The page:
Speaking Sunday, the president extended an invitation to a “good yield” of elected opposition governors and mayors to visit the Presidential Palace and discuss “specific problems in their states and municipalities.” Among those invited was Manuel Rosales, who ran against Maduro’s predecessor Hugo Chávez in 2006 and was re-elected Zulia state governor last Sunday.
Maduro also took the opportunity to encourage leftwing forces to “forgive everything we have to forgive” and “unite,” announcing a pact to “rectify and re-found the revolution.” Beyond asking winning and losing government candidates to sign it, the president offered no details on the purported agreement. Recently, government policies have been the subject of fierce debate and criticism both within the ranks of the ruling United Socialist Party (PSUV) and from other leftist forces.
Pro-government forces won 19 of the 22 governorships, with one left to decide, and 63% of mayoralties in Sunday’s “mega-elections,” as well as similar majorities of regional legislators and local councilors. The PSUV, however, won only 46% of the total votes cast. It is the first time that the ruling party has failed to win a majority of votes since 2015.
The hard-right Democratic Unity Roundtable (MUD) and more moderate Democratic Alliance won 26% and 16% of the total votes, taking two and one governorships, respectively. Likewise, a handful of independent opposition candidates recorded larger-than-expected results, such as the Neighborhood Force party. National Electoral Council (CNE) data indicates that unified opposition efforts may have defeated PSUV candidates in as many as fifteen additional states.
In the aftermath of the vote, leading opposition politician Juan Guaidó also made a call for unity, telling reporters that “the immediate task at hand is to reunite these forces which clearly confront the [so-called] dictatorship.”
Despite his call for unity, the self-declared “interim president” took aim at the competing Democratic Alliance bloc, claiming that it is made up of “parties which have been hijacked by the [so-called] dictator and the majority of them are even financed by the government.”
The regional and local elections were overseen by hundreds of international observers from 55 countries, and were largely held in a civic and peaceful manner.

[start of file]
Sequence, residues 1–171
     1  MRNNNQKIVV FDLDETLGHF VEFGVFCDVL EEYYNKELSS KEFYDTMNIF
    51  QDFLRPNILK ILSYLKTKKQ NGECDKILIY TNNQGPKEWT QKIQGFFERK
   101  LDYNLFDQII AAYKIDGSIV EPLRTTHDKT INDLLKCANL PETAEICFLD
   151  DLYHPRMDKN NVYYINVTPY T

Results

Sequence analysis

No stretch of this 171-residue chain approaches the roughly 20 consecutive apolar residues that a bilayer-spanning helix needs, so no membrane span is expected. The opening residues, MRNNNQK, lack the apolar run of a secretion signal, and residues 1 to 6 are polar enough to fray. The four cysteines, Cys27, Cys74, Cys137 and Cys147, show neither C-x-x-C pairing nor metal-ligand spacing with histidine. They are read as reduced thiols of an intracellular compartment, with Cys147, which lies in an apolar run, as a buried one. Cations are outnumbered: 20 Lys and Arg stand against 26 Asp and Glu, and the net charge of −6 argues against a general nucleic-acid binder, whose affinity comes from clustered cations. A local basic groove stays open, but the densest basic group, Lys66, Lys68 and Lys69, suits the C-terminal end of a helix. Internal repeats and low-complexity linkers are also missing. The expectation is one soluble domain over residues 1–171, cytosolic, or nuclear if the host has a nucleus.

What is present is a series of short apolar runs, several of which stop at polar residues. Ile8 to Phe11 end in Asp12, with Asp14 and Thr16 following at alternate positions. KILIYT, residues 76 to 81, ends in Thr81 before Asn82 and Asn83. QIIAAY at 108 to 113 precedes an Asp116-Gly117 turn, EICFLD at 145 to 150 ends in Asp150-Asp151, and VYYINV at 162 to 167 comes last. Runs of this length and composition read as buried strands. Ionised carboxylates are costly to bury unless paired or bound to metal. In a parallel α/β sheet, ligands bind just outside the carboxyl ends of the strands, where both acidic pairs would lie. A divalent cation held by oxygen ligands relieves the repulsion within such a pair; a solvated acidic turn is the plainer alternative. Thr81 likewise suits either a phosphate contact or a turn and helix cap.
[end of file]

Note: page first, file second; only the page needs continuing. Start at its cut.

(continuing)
One of the organizations accompanying the election was the European Union (EU), which sent a 136-strong mission to evaluate both pre- and post-election conditions for the first time in 15 years. The EU team published a preliminary report last week which highlighted what it considered to be “better” electoral conditions but pointed to an unfair playing field during campaigning, specifically in irregular candidate disqualification outside the established timeline, as well as uneven media coverage and campaign financing. The final report is due to be presented in early 2022.
Hitting back, Maduro argued that last week’s election was “impeccable,” and that the EU mission had failed in its efforts to “stain” the process.
He went on to accuse the mission, which was led by Portuguese Socialist Eurodeputy Isabel Santos, of “spying.” “They deployed themselves across the country freely, spying on social, economic and political life,” the president claimed during a televised broadcast.
Disputes in Barinas and Zulia states
EU observers are currently centered in Venezuela’s Barinas state, where CNE authorities are under pressure after the Supreme Court (TSJ) ordered the ballot be held again.
According to the ruling on Monday, last Sunday’s results, which the TSJ claims narrowly favored MUD politician Freddy Superlano, are to be annulled and the vote is to be repeated on January 9, 2022. The ruling follows an earlier one suspending a planned CNE recount, and also stipulates that Superlano was ruled ineligible to hold public office by the comptroller's office on August 17. According to the TSJ, the decision was based on a 2013 ruling, but no further details were offered by either the Supreme Court or comptroller. Electoral authorities had previously established a timeline to review candidates’ eligibility to run which expired in September. Following the ruling, Superlano will not be able to run again in January. Other votes in Barinas state, including for mayors, legislators and councilors, are not to be repeated.
The results of the Barinas governor election were yet to be announced by the CNE following alleged tallying problems. Despite PSUV candidate Argenis Chávez leading with 10% of the votes left to count, later figures placed Superlano ahead with one municipality left to tally. Normally rapid electronic tallying was reportedly hampered by lost voting machines, missing paper backups and administrative problems caused by the expiration of local jurisdiction. The delay had sparked accusations of CNE partiality and has caused tension in several towns in Barinas, with Superlano calling for street protests.
The state is symbolically important to the government being the home region of former president Hugo Chávez. Both Superlano and Argenis Chávez, who is Hugo Chávez’s brother, had claimed victory. Neither have commented on the TSJ ruling at the time of writing.
Electoral results were likewise disputed in Jesús María Semprun municipality in Zulia state, where residents held a march and other protests to demand the impugnation of the process over the weekend. A formal request for electoral authorities to repeat the election has also been lodged by the Communist Party (PCV).
Voting in the locality was reportedly halted for many hours on election day after violent outbreaks forced police to use tear gas. Incumbent PSUV Mayor Keyrineth Fernández, who has been blamed for instigating the violence, was later declared victorious by the CNE with 47% and a margin of 757 votes. The PCV, whose candidate reportedly won 42%, claims that over 800 voters in the sparsely populated region were unable to vote due to the turmoil.